The news that 57 of the top brass at Veterans Affairs Canada raked in nearly $700,000 in extra pay awarded in bonuses and for getting results in 2011, elicits a two-word response: What results?
The results the department has achieved in the past few years have been less than stellar, and certainly not worth an approximate breakdown of $12,200 extra per manager.
Veterans have made public a litany of complaints about the department, including shabby treatment and privacy breaches. No wonder Gulf War veteran Sean Bruyea describes the bonus situation as "way out of whack with reality."
After Bruyea claimed in 2010 that the department had misused his personal data and harassed his family in an effort to discredit his advocacy, federal privacy commissioner Jennifer Stoddart said that the department had broken the law. A lawsuit was eventually settled out of court, and the department apologized, but Bruyea says every one of the civil servants in his lawsuit received bonuses.
This kind of work in the private sector would more likely result in someone being shown the door, rather than being handed a fat cheque for a job well done.
In February of this year, veterans ombudsman Guy Parent found that many veterans were also unable to appeal the department's denial of benefits because no reason was given for their claims being rejected. Without a reason given, an appeal can't go forward.
Parent also found that the language used to communicate with the veterans was convoluted and confusing, and that veterans may have been wrongly assessed but were left without an avenue of appeal because the letters they received "did not reveal where the department's decision was flawed."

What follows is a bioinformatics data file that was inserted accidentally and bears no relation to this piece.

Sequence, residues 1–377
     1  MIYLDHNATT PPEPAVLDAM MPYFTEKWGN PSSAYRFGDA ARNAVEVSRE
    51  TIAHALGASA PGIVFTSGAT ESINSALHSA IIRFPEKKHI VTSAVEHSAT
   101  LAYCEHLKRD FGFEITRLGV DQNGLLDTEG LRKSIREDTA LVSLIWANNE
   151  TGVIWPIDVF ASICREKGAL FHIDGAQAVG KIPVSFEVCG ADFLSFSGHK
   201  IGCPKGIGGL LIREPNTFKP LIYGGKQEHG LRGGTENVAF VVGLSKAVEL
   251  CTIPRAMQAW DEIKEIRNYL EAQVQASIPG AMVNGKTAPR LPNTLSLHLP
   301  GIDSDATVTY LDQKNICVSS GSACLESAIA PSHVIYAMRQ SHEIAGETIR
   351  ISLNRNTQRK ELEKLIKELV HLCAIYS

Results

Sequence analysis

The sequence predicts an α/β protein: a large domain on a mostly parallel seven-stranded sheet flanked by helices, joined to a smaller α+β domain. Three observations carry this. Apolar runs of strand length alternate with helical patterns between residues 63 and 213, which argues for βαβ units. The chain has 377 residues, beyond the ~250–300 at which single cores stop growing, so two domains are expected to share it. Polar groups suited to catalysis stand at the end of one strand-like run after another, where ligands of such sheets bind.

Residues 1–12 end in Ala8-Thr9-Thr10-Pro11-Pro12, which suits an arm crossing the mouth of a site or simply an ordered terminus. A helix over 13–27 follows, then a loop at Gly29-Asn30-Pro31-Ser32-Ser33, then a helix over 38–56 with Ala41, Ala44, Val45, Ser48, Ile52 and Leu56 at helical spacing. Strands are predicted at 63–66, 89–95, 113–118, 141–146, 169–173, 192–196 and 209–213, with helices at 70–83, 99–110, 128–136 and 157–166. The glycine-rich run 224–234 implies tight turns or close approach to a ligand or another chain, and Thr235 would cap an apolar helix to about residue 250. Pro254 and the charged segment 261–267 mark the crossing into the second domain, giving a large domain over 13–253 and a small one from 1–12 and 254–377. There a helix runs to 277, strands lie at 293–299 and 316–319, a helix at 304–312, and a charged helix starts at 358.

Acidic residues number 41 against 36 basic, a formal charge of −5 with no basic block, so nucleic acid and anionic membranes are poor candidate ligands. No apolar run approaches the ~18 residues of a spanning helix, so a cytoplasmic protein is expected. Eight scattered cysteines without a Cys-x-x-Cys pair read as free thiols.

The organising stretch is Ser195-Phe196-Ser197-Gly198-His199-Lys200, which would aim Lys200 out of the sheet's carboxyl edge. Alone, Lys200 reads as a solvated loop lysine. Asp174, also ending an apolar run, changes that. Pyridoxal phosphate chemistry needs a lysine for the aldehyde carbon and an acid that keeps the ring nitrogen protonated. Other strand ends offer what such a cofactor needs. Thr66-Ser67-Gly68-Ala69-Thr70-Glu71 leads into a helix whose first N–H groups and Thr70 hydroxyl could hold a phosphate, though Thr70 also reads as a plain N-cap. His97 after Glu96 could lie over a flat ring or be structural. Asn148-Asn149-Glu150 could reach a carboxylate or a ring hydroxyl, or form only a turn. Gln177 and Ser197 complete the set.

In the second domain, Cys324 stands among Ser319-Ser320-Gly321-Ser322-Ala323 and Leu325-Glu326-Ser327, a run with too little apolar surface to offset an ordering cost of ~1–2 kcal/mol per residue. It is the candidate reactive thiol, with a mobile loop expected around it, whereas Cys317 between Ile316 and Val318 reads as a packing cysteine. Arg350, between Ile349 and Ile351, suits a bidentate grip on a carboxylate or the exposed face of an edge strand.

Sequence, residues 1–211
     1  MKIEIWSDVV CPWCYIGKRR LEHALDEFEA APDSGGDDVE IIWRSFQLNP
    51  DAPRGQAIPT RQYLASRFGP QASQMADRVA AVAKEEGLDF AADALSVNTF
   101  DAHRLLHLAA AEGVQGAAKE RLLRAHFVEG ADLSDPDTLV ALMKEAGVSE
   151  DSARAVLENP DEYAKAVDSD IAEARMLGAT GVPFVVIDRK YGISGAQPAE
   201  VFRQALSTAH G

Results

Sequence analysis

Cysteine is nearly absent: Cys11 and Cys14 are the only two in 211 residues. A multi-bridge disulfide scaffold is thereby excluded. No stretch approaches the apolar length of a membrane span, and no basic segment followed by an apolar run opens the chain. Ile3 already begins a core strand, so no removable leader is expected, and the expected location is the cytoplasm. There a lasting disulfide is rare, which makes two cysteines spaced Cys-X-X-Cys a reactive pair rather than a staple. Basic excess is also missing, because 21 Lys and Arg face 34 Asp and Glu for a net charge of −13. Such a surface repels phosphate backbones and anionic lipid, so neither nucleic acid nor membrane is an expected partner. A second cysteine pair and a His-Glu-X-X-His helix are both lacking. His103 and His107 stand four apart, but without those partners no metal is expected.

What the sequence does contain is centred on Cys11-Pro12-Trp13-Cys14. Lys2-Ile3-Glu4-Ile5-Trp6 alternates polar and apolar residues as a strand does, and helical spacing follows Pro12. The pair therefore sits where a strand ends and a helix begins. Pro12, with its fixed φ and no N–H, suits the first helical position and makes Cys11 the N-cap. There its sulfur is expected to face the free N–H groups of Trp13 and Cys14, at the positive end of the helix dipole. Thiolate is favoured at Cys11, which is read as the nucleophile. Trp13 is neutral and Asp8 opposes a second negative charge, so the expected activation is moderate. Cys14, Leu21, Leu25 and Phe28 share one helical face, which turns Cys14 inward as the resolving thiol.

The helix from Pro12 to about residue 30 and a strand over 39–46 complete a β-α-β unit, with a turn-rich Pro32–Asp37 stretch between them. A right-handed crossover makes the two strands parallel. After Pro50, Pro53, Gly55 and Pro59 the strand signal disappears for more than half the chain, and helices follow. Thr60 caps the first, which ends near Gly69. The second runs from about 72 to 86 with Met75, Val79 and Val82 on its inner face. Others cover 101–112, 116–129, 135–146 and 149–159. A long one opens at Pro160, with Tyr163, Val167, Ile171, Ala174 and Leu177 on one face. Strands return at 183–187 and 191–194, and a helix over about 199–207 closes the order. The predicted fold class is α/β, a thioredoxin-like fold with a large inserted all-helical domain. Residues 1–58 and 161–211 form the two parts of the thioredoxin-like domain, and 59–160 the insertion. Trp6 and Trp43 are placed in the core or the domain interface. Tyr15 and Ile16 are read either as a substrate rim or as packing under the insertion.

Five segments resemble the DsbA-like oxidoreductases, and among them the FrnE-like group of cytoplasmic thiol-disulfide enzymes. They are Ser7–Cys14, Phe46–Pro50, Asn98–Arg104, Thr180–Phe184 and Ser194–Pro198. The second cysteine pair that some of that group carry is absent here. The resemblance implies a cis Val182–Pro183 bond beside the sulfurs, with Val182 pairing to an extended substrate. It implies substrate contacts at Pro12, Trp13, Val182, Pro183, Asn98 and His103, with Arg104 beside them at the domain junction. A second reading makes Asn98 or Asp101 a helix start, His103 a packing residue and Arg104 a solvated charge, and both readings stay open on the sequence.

One has to wonder what the managers of Veterans Affairs need to do in order to get passed over for bonuses, if the above incidences aren't enough to make a dent in their annual windfall envelopes.
The bonuses are decided upon jointly by Treasury Board and senior managers at Veterans Affairs - and the latter's involvement is pretty bad optics.
Veterans Affairs Minister Steven Blaney needs to take charge of this mess by calling those senior managers on the carpet and instituting some guidelines by which real results are measured before bonuses are handed around.
Sadly, the impression left by all of this is of a department more interested in perpetuating and enriching itself than in helping those who risked their lives for this country and came home to an uncaring bureaucracy whose priorities have been lost. Blaney has some serious work ahead of him to correct that perception.